1923 Ford Model T Express Wagon
 1923 Ford Model T
 
To view all of Anthony's models cclick on this image
To view all of Anthony's models cclick on this image
1925 Ford Model T Stake Bed
 1923 Ford Model T Depot Hack
These models were posted by Anthony Hazelaar 
from The Netherlands on alt.binaries.pictures.autos
The models were build from older AMT kits and are 1/24 scale.
To view all of Anthony's models click on any of the above picture
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 1923 Model T Ford Truck
 1923 Model T Ford Truck
This 1923 Ford Model T, original laundry truck for the
Hotel del Coronado that operated the streets of Tent City 
and Coronado during the Roaring Twenties. Now owned 
by the Coronado Museum and driven in local parades.
 
 
 1923 Chevrolet Panel Truck
 
 This picture was submitted by Phil Higgs, Dorridge in the
county of Warwickshire, England. The picture was taken in
front of the house he bought 2 years ago and the it was
found in the local library.
 
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 1923 Star Woodie
  1923 Star Woodie
 This picture was taken at Glenholme, Nova Scotia, Can.
on Oct 3, 2010
 
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  1923 Star Woodie
  1923 Star Woodie
 
 
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 1924 Model T Ford C Cab
 
This 1924 Model T truck was originally a ranch truck in 
Colorado, now the company truck for the Coronado Brewing
Company and Tent City Restaurant in Coronado, CA.
The little green truck still boasts her original engine, and
operates daily on the island of Coronado running errands 
and promoting business. This truck has been nicknamed 
"Olive Oyl," because she is tall and skinny, spinach green,
and her shrill horn sounds like Olive yelling for Popeye.
 
   
1923 Ford Model T Pickup
   1925 Chevrolet Half Ton Woody Pickup 
   

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1925 Ford Cab C Truck
1925 Model Ford TT
 
 This pictures were submitted by Paul Black, Tampa, Florida
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  1925 International Panel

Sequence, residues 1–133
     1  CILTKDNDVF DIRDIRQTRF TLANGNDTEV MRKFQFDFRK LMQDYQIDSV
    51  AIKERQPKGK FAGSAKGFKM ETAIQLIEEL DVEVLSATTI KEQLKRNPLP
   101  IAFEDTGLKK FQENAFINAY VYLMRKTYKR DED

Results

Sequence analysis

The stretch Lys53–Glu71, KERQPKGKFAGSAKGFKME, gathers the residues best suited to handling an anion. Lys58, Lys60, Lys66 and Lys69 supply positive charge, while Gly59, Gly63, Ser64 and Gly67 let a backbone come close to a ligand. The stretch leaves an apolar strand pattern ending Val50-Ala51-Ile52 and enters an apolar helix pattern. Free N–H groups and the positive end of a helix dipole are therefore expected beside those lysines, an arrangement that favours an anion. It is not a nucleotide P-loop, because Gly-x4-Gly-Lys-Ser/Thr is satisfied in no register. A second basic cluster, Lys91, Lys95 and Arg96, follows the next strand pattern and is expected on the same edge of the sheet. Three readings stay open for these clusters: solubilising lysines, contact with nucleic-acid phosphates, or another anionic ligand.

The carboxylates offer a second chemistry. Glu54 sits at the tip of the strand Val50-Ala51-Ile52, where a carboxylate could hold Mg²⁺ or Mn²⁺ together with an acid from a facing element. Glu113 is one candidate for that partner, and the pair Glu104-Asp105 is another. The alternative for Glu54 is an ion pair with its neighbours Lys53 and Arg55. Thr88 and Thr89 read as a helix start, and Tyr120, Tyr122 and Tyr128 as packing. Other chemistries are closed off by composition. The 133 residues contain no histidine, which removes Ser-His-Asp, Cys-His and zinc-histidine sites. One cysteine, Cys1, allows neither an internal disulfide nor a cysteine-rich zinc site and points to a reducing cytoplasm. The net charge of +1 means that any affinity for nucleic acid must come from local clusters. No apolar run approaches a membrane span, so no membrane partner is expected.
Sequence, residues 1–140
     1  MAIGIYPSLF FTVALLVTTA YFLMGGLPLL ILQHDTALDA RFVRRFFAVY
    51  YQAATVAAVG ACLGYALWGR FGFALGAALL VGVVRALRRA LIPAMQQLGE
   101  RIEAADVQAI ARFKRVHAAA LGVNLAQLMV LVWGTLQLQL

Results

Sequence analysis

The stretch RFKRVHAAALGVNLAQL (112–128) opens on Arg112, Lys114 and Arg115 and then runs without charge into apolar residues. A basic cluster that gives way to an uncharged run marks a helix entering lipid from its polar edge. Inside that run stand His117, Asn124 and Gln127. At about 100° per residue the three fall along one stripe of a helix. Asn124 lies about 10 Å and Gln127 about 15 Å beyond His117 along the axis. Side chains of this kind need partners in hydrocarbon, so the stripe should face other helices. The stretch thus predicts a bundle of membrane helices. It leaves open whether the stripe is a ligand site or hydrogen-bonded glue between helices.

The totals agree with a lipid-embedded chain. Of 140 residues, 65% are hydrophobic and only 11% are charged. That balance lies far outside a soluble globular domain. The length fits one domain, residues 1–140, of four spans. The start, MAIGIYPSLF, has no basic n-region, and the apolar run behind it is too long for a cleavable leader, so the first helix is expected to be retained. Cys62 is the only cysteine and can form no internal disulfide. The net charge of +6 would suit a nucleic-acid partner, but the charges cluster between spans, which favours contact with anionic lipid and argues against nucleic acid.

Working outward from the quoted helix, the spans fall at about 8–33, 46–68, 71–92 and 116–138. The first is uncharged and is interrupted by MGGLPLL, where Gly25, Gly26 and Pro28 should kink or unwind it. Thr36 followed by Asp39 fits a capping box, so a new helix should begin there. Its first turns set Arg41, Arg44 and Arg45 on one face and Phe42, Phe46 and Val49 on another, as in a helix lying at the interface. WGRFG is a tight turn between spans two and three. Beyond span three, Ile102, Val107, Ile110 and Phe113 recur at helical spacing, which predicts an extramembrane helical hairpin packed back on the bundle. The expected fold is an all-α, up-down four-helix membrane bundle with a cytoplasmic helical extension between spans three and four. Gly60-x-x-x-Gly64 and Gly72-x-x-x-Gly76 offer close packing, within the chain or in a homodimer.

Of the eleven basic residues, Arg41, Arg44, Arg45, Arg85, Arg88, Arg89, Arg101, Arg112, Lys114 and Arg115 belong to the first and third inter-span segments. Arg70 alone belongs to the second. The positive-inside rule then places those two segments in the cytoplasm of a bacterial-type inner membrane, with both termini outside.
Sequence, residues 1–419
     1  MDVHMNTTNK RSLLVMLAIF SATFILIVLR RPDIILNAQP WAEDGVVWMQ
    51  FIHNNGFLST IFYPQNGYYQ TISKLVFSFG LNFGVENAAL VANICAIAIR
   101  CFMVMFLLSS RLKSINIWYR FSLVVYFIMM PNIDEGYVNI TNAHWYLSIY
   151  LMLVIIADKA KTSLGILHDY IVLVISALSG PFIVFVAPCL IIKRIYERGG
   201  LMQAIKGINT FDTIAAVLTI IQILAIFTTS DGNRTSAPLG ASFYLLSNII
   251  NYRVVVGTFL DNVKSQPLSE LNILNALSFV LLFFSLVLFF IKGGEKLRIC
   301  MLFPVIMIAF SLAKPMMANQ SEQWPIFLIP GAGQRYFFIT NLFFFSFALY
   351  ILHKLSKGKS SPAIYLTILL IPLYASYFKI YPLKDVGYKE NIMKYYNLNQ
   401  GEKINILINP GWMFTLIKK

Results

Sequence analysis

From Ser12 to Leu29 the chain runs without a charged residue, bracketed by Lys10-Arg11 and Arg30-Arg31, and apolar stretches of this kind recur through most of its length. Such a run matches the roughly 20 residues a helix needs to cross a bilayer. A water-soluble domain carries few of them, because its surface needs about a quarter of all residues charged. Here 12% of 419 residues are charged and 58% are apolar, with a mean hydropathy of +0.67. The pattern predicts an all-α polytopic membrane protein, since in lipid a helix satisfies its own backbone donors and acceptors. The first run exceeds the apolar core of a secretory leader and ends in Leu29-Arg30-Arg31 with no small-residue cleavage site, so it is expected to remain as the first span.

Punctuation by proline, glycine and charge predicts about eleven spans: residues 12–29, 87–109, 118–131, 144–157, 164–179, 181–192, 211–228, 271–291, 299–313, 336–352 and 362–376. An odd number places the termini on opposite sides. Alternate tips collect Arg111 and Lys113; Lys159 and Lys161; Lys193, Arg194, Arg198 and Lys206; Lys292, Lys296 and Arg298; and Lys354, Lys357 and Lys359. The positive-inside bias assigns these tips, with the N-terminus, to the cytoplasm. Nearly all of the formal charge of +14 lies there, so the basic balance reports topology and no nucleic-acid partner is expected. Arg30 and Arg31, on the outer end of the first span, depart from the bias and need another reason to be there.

1926 Ford Model T Pickup
 This picture was submitted by Len Trudel from New Zealand
The picture was found at his mother's house and marked
Grampa's Truck.
 
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1926 Ford Model T Fire Truck 
with American LaFrance Equipment
1927 Chevrolet Capitol AA
Half Ton Light Delivery Depot Hack
   
 1927 Ford Roadster Pickup Truck
1928 Chevrolet Truck Ad
1928 Ford Model A Pickup
This picture was posted on alt.binaries.pictures.autos
by All Things Mopar AKA Jerry
1928 Ford Model A Pickup
This picture was posted on alt.binaries.pictures.autos
by All Things Mopar AKA Jerry
1928 Ford Model A Pickup
1928 Ford Model A Pickup
 
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1928 Ford Model A Roadster Pickup
 1928 Ford Model A Roadster Pickup
 
 
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1928 Ford Model A Roadster Pickup
 1928 Ford Model A Roadster Pickup
This truck is owned by Jack Robinson, Atascadero, 
California. This is an automobile that he found was in 
restoreable condition, in other words, it was complete.
He did a bare frame up restoration with everything
powder coated except the body.
It is in good running condition and all stock except the
12 volt convertion with alternator. Not included in the
pictures are the stock seats, top and flower etched wind wings. 
 
   

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 1928 Model A Ford Roadster Pickup
 1928 Model A Ford Roadster Pickup
 This truck is owned by Fergus King, New Zealand  This Model A is owned by D&B Motors in Great Bend, KS http://dandbmotorsks.com and is ofered for sale
1928 Graham Pickup
 1928 Graham Pickup
 
 
1928 Graham Pickup
 
These pictures were submitted by Paul Black, Tampa, FL
They were taken at a car show in Lakeland,
FL back on Oct. 18th.
 
 
 1928 Essex Terraplane Pickup Hot Rod
 1929 Chev 6 Cylinder Pickup
   
 1929 Pontiac Pickup
 1929 Pontiac Pickup
This truck is owned by Dale Wilcox of Washington State. 
Apparently this truck was made from a sedan or coupe.
 
 1929 Pontiac Pickup interior
 
 Another 1929 Pontiac Pickup Truck.
This one was imported to Europe from Navada.
The pictures were submitted by Traudi Gschwandtner,
5505 Mühlbach/HKG
 
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 1929 Pontiac Pickup
 1929 Pontiac Pickup
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 1929 Pontiac Pickup
 1929 Pontiac Pickup
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 1929 Pontiac Pickup
 1929 Pontiac Pickup
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 1929 Pontiac Pickup interior
 1929 Pontiac Pickup interior
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 1929 Model A Ford CC Pickup
This car is owned by Eugene Buckner, Monterey,Tn.
He found the truck found it in a warehouse in a nearby
town,just driving by and looked, saw a fendersticking out, went in and bought it.
1929 Ford Model A Roadster Pickup
1929 Ford Model A Roadster Pickup
   
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 1929 Chevrolet Panel Truck 
(LaMarca & Sons Bakery Products, Inc.)
 
This picture was submitted by Charles. LaMarca, President
LaMarca & Sons Bakery Products, Inc. Malden, MA
 
 
 
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 1929 Model A Ford Canopy Truck
 1929 Model A Ford Canopy Truck
This truck is owned by Barbara Fenderson
Email 
 
 
1930 Ford Model A Pickup
 
 
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1930 Ford Model A Pickup
 1930 Ford Model A Pickup
This truck is owned by Tommy Hahn 
He had the following to say about his truck. 
"It has 1935 wheels with 600x16 tires in front and 700x16